Cause awareness symbols have a tendency to spread the symbols themselves while the actual cause gets left behind. If you're going to use one, educate yourself on what it represents. Don't jump on the bandwagon for the praise of your peers, or worse, your own praises. Don't reduce someone else's pain and anguish to a trendy decoration. You do no good by wearing, buying, or posting an empty vessel, so go fill it up. 

Tuesday, November 3, 2015

On Refraining from Judgement: Dispatches from a School with an Out of State Majority

I am currently attending Brigham Young University (Go Cougars!) in the lovely Provo, Utah. We have a student population of over 30,000 and native Utahns are outnumbered 2 to 1. Most of them have never been to Utah beyond brief visits and haven't set foot of campus more than a few times since they got here. A lot of them are prone to snap judgments.
One day early on in the term, I was walking across campus with a Washington-raised friend. We passed the motorcycle and scooter section of the parking lot. She said it was a "Utah thing" because "No one rides scooters in Washington." I thought about it and realized that outside of BYU campus, I see about one scooter for every several hundred cars.
It's not a Utah thing. It's a college thing. Cars cost money and college students rarely need to go farther than the grocery store, so why buy one?
Recently I was eating dinner with a Texan friend and various other out of staters, They were talking about how Utahns have such weird and bizarre names.
According to the Social Security Administration, these were the most popular Utah baby names in our birth year, 1996:

1. Madison, Jacob
2. Jessica, Austin
3. Emily, Joshua
4. Megan, Tyler
5. Ashley, Michael
6. Sarah, Zachary
7. Rachel, Matthew
8. Alexis, Andrew
9. Samantha, Nathan
10. Hannah, Jordan

I know one Rachyl. For the other names, I never see variants beyond Hanna, Ashlee, and Meagan, the latter of which happens to be the names of my Wisconsin born roommate.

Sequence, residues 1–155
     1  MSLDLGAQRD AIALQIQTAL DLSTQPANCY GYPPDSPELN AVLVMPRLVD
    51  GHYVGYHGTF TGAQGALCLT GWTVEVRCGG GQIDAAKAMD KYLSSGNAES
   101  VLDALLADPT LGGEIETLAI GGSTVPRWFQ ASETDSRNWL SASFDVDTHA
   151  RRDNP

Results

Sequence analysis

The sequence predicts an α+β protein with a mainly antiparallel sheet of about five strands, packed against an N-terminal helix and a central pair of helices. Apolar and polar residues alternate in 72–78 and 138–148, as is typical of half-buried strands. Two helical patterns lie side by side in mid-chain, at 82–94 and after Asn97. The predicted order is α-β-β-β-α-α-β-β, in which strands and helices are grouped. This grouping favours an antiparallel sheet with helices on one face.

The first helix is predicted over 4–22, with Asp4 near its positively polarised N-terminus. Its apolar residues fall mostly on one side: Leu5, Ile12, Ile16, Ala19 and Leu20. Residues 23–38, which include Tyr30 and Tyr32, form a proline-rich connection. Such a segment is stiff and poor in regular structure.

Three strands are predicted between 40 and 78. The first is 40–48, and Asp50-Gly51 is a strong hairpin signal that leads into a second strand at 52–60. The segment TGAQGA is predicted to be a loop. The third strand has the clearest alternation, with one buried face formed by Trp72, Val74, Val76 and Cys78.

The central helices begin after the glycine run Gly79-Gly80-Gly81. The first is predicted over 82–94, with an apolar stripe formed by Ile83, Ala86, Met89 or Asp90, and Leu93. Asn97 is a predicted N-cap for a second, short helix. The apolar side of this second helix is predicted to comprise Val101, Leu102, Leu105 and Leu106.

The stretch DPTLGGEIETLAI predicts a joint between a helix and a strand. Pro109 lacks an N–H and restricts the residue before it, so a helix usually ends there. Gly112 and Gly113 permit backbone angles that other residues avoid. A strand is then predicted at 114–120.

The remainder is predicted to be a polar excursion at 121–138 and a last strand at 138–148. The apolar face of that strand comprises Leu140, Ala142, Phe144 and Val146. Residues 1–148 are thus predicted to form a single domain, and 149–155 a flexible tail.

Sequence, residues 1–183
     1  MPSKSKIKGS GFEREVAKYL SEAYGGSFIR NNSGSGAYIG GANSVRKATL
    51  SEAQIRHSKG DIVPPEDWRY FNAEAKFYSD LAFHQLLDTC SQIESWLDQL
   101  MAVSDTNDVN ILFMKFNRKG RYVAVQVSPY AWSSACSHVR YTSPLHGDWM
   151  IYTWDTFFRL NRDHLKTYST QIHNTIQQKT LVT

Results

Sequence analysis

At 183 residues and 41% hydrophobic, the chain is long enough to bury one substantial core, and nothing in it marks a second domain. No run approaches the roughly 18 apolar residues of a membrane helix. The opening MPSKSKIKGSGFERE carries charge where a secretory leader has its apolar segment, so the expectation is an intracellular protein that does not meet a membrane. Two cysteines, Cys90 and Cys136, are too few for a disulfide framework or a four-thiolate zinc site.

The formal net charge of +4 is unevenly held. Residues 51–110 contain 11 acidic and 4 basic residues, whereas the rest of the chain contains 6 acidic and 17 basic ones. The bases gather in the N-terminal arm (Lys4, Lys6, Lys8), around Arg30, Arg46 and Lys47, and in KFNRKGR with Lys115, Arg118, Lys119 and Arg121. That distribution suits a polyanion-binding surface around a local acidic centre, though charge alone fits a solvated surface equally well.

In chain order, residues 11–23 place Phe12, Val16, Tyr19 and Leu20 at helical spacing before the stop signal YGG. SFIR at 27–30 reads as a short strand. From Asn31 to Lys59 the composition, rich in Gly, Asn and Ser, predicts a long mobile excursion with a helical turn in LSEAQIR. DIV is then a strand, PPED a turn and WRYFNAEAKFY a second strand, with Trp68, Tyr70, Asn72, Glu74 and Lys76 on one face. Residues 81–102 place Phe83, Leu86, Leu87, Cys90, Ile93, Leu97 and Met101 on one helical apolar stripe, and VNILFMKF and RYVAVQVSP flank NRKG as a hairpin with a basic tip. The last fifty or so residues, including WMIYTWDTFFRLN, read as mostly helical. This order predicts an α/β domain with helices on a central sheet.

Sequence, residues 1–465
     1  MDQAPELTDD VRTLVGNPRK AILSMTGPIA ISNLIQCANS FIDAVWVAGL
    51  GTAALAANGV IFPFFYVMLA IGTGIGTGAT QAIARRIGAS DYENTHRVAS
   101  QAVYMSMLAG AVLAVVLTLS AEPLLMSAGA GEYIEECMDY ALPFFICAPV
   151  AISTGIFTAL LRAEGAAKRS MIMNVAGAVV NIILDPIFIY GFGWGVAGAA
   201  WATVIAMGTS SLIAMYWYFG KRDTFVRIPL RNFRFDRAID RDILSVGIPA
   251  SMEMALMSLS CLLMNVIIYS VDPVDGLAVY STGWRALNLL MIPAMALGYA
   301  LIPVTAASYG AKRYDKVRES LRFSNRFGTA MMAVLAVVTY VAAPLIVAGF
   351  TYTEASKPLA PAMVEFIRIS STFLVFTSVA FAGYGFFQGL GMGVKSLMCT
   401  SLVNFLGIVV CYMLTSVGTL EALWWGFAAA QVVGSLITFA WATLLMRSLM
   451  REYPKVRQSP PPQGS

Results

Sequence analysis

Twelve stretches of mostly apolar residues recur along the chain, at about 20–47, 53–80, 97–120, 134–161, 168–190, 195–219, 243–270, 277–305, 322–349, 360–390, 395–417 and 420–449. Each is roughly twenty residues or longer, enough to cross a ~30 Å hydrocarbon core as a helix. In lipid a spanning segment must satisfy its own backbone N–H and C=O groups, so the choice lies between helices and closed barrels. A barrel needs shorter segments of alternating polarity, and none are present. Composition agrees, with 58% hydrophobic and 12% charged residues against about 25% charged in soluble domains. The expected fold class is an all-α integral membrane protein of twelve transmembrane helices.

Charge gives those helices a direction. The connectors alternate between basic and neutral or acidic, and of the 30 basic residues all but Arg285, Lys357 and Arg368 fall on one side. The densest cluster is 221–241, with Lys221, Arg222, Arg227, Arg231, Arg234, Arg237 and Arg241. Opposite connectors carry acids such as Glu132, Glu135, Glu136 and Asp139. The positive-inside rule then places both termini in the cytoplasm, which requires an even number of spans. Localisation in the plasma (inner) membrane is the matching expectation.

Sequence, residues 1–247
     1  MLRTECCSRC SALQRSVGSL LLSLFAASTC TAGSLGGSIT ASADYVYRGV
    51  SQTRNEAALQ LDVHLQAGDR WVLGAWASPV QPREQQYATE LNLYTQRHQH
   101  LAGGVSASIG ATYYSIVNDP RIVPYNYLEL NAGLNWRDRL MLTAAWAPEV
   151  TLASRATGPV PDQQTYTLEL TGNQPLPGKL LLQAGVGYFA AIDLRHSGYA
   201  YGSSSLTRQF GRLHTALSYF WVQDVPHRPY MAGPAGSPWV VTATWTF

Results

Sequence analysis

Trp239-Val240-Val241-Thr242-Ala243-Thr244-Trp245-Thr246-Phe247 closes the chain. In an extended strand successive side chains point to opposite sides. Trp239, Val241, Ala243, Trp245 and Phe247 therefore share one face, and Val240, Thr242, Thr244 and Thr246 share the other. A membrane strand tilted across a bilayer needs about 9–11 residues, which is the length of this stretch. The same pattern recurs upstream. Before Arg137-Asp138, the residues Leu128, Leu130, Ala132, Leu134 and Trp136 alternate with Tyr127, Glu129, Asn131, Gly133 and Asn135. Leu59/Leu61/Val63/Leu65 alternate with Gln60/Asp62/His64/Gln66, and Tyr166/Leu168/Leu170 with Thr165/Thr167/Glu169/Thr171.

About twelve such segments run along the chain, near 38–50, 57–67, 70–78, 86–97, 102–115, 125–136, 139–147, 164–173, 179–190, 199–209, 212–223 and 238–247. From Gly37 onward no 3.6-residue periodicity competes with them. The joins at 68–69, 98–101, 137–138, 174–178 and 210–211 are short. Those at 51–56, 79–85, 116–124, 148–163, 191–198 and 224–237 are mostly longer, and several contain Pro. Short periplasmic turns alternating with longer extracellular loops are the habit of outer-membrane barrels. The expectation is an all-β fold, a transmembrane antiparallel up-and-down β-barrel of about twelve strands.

When I attempted to correct my Texan friend, she said I'd been rendered ignorant by growing up in Utah and couldn't recognize the oddities that surrounded me. So I politely rattled off a list of my friends names and sat back to smirk to myself. Was I really having this conversation with a Southerner?
When I was thirteen, I met a woman named Ann Parks. I asked if that was her full name, and she said no, it was her first. She was from the South. I could jump to the conclusion that Texas, being a Southern state, is full of nothing but Sue Ann and Mary Lou. I know this because I've actually met Southerners throughout my life. I have relatives who've been there. I know they're more than stereotypes. There were so many comebacks I could've used, but I refrained.
Two weeks ago I had to carpool with a boy from Colorado. He complained about Utah drivers the whole way there, but he knew so little about the Utah road system that when his friend in the backseat mentioned the wall (meaning the freeway divider) he looked around wildly, expecting to see what he termed a "Great Wall of Utah".
I'm starting to wonder if this toxic combination of ignorance and confidence is something unique to college students. But I've only been to one college. So I'll pass.
See what I did there?
I'm surrounded by people experiencing college and Utah for the first time. That's more likely the case.
When you're entering an unfamiliar place, you have an obligation to be humble and inquisitive, not self-assured and declarative. If you see something different from the way things are done back home, ask, "Is that a local thing?" before declaring it such on absolutely no evidence.
You have this obligation because everybody else is silently accommodating you. For the past few months I've patiently ignored people who mispronounce Utah place names, listened to complaints that scones here are closer to flatbread than real scones, and done math in my head to figure out where they want me to drive them when they ask for "One thousand four hundred south". "You mean hundred and fourteenth street? Sure, I know where that is."
Learn to think geographically. The world will thank you for it. 

Thursday, August 20, 2015

Space Turtles and Hiding Your Sources

"Creativity is the art of hiding your sources."
-I have no freaking idea

Someone said that. Here are three different versions, pick your favorite.

The secret to creativity is knowing how to hide your sources.

– Albert Einstein


Creativity is the art of concealing your sources.